The Food and Drug Administration (FDA) has proposed a ban on hair-straightening products that contain or emit formaldehyde, more than ten years after the cosmetic industry’s own experts declared these products unsafe. The proposal comes in response to studies that have linked frequent use of chemical hair straighteners to an increased risk of developing endometrial cancer, also known as uterine cancer. Women who use these products regularly face more than double the risk compared to those who do not.
Furthermore, other studies have associated hair straighteners and dyes with breast and ovarian cancer. The FDA’s scientists classified formaldehyde as a human carcinogen seven years ago, prompting their lawyers to begin drafting a proposed ban at that time.
It is worth noting that hair-straightening products are primarily marketed to Black women. While uterine cancer rates have been rising among all women in recent years, the increase has been most significant among women of color, including Asian and Hispanic women.
The FDA’s proposed rule aims to ban formaldehyde and other formaldehyde-releasing chemicals from hair-straightening and hair-smoothing products sold in the United States. The target date for implementing the ban is set for April 2024.
While the FDA has always had the authority to ban specific ingredients like formaldehyde, it was not until last year that Congress granted the FDA oversight authority over the cosmetic industry. However, the FDA clarified that the proposed ban on formaldehyde in hair straighteners was not related to this new authority. The FDA can also issue a mandatory recall of a cosmetic product if a serious health concern arises or if there is a reported death related to its use.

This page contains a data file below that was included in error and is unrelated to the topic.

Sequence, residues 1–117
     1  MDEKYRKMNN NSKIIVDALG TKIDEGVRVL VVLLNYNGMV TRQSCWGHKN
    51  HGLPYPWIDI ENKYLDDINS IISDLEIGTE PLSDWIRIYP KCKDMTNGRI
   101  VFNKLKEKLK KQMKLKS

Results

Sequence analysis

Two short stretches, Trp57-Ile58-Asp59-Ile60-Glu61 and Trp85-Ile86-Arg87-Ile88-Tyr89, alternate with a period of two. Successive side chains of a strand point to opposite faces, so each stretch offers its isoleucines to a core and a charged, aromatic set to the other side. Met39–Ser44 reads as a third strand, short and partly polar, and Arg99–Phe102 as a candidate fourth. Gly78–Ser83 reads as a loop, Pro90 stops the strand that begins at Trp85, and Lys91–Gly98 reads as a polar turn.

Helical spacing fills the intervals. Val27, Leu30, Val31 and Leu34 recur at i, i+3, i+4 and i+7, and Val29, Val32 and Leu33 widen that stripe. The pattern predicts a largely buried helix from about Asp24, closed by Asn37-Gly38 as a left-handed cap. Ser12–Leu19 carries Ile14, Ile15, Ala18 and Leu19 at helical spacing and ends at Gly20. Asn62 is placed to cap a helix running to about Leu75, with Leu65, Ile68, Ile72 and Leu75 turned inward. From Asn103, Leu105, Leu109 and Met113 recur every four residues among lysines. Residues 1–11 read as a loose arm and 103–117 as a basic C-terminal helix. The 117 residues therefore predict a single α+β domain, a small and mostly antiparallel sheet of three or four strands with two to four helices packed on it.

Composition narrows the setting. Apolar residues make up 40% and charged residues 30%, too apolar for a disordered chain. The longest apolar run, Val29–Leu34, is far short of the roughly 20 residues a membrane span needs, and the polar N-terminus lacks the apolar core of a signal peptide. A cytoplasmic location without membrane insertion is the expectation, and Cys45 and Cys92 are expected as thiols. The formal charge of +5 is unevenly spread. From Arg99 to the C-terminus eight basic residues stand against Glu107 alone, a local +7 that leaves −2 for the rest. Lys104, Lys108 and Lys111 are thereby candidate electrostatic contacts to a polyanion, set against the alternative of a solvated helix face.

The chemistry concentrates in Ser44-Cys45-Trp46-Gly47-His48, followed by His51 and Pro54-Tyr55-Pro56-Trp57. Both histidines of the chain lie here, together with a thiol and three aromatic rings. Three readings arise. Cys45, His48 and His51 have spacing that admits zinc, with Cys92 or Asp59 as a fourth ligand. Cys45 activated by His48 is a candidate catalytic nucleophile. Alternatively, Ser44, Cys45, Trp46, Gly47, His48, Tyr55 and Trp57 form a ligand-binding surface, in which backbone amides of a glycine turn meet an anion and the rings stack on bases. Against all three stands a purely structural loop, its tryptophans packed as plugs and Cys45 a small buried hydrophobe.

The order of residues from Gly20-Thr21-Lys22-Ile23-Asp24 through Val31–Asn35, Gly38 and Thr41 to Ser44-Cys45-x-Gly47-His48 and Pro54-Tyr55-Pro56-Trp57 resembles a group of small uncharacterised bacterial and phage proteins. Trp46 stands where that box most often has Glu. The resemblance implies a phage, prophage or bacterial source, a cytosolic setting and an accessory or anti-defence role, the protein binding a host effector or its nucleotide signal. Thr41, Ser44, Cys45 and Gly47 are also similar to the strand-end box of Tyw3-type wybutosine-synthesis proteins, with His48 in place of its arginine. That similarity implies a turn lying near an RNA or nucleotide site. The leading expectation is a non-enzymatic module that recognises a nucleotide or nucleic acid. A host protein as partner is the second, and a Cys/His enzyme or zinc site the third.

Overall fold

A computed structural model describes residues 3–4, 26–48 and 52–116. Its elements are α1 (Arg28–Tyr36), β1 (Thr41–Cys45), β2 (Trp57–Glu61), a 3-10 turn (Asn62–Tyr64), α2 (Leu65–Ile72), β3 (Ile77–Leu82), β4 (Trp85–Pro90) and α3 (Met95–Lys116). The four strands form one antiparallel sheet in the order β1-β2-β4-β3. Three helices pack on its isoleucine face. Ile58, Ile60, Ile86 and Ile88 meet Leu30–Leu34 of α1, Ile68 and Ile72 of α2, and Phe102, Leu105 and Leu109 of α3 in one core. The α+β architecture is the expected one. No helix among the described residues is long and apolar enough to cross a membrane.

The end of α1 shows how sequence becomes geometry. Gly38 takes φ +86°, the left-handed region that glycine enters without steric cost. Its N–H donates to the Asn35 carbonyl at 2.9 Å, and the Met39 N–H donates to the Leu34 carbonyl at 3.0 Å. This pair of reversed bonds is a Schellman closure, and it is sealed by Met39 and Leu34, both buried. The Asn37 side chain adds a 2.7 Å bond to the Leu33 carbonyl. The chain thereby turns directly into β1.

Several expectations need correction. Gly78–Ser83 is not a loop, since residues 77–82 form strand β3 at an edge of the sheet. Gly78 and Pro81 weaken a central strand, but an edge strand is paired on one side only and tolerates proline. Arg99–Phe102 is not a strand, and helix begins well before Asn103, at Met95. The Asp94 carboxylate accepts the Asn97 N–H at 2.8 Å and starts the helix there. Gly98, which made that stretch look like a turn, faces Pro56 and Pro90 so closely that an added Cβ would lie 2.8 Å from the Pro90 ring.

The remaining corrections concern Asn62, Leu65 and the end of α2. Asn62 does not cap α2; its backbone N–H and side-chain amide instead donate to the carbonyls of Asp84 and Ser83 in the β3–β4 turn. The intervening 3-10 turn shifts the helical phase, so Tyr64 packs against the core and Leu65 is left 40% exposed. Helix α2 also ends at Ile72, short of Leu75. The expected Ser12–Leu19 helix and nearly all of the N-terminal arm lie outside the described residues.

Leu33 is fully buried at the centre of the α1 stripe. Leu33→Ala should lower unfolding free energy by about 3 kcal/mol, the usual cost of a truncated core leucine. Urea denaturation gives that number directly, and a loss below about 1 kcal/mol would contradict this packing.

Controversy surrounding formaldehyde in hair straighteners has persisted for years, with advocacy organizations like the Environmental Working Group petitioning the FDA to ban such products. The FDA began drafting rules for a proposed ban in 2016 but abruptly halted the process a few months later without explanation.
Melanie Benesh, Vice President for Government Affairs at the Environmental Working Group, expressed frustration, stating that the FDA has been aware of the dangers of these products for decades and should have acted sooner. Benesh emphasized that hair stylists regularly exposed to formaldehyde vapor during treatments, as well as customers receiving the treatments, face real risks of harm.
Currently, the FDA encourages consumers to read product labels carefully before purchasing hair products and to avoid those that contain formaldehyde, formalin, or methylene glycol. The agency also advises consumers to inquire about the products used by hairdressers and to report any adverse reactions they experience.